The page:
If the speaker's (friend's) side is wrong, with a few words one can divert his thoughts to another direction to help him think better and avoid making the relationship unpleasant. So, silence is not the only option here.

How can we decide within ourselves when do we have to speak the truth or when not to?

I believe that Rishis hadn't said a clear-cut answer to this question. So I think it is very difficult to say an answer to this question very easily. As I said above we should use our power of discrimination properly.

Is it only good to know the truth than to let others know what is the truth. Because, by any philosophical standards, silence is better than telling a lie, or is it?

Most people don't want to know the truth or you may say that they are not matured to realize it. Even though many great men had tried to remove the ignorance of the people, they couldn't accomplish it so far completely. This is an evidence to the first part of your doubt .

And for the last part, I have already given some exceptional cases for showing the possibility that is against those philosophical standards.

(As I mentioned earlier) If the snake bitten was poisonous, what would happen to the victim if the helper kept silent or spoke the truth, to a question like this? -- "Is it a poisonous snake?"

The following verses will certainly guide you in many life situations.

satyam bruyat priyam bruyat na bruyat satyam apriyam

priyam ca nanrutam bruyat esha dharmah sanatanah

Meaning: Speak truth in such a way that it should be pleasing to others. Never speak truth, which is unpleasant to others. Never speak untruth, which might be pleasant. This is the path of eternal morality, sanatana dharma.

Helpful links:

http://www.arunachala-ramana.org/forum/index.php?topic=7179.145;wap2

http://www.geetham.net/forums/showthread.php?40033-Satyam-Bruyat-Priyam-Bruyat-Na-Bruyat-Satyam-Apriyam

http://blog.practicalsanskrit.com/2012/02/speak-truth-speak-sweet-no-harsh-truths.html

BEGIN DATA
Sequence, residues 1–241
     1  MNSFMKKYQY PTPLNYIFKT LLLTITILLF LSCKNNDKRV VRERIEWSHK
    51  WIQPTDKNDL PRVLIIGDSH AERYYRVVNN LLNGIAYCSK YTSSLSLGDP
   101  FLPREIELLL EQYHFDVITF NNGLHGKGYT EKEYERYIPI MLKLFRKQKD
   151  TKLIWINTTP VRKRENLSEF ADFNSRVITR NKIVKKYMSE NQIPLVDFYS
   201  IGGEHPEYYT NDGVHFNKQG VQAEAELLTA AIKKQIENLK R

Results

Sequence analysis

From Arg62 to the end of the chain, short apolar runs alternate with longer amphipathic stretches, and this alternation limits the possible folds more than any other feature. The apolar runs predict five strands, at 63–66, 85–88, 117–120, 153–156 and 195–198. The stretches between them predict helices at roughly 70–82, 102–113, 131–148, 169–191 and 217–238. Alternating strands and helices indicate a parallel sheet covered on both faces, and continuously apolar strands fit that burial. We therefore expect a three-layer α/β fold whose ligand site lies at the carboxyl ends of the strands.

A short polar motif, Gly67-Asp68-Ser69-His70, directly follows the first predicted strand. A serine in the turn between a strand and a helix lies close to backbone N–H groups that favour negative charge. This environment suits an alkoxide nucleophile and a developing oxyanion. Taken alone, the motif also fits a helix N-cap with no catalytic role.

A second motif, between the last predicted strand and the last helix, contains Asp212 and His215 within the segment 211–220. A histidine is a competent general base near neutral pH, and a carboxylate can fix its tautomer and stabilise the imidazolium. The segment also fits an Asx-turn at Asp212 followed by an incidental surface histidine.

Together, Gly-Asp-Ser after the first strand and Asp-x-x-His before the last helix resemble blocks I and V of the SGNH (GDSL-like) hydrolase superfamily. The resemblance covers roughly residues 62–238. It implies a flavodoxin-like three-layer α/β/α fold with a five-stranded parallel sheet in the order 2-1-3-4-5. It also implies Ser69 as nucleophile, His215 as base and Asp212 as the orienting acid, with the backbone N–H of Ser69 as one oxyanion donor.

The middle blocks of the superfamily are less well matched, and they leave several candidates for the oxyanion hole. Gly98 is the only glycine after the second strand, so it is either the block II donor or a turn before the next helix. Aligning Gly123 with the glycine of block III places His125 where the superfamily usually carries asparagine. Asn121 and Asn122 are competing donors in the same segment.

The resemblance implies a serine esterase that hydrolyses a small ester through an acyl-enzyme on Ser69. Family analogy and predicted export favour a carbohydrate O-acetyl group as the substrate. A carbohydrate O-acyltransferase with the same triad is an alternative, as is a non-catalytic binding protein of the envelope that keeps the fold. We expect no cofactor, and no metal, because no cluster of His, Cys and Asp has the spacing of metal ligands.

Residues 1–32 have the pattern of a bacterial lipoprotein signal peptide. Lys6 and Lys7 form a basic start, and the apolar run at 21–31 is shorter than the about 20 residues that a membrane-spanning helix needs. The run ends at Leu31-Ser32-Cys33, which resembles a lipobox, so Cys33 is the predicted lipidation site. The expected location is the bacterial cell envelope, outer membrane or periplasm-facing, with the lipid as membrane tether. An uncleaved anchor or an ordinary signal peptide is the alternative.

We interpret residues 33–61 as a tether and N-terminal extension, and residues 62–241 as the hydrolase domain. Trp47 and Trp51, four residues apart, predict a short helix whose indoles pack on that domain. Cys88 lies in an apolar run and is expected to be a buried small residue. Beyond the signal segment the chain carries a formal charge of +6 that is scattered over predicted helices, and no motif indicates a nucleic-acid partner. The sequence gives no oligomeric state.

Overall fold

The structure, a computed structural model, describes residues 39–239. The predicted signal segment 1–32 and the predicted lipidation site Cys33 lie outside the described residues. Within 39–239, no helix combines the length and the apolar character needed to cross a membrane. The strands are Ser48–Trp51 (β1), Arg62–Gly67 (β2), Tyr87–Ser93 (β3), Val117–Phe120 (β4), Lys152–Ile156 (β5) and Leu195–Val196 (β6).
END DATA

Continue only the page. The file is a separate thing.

In most cases you will get enough time to think well before speaking out an unpleasant truth. And you will be able to do it in another way without speaking the truth. This means silence is a good policy in many cases.

I believe that you know about great social reformers. Many of them didn't speak the truth directly at improper time. Instead, they acted differently.

In the Mahabharatha while Droupati was insulted, King Dhrutharashtra and Bheeshma remained silent. And in the end they lost almost all they had. So when we are among wicked people, we must be very cautious while remaining silent as well as speaking out the truth. Some of our words can thwart somebody's wicked plan completely.

Sometimes we will have to do a little Adharma in order to save/reestablish a great Dharma. So, as a part of this, we will be compelled to tell little lies very rarely. You may have read it in the Mahabharata.

Very great men have transfused many things (including truth) in silence. Ordinary people like us can't do this often.

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  • I just wanted to add a gloss to the Sanskrit. The word translated as sweet in Bengali, which has its roots in Sanskrit, is priya, and it can also be translated as of value which adds an interesting slant on the couplet. Dec 12, 2017 at 16:55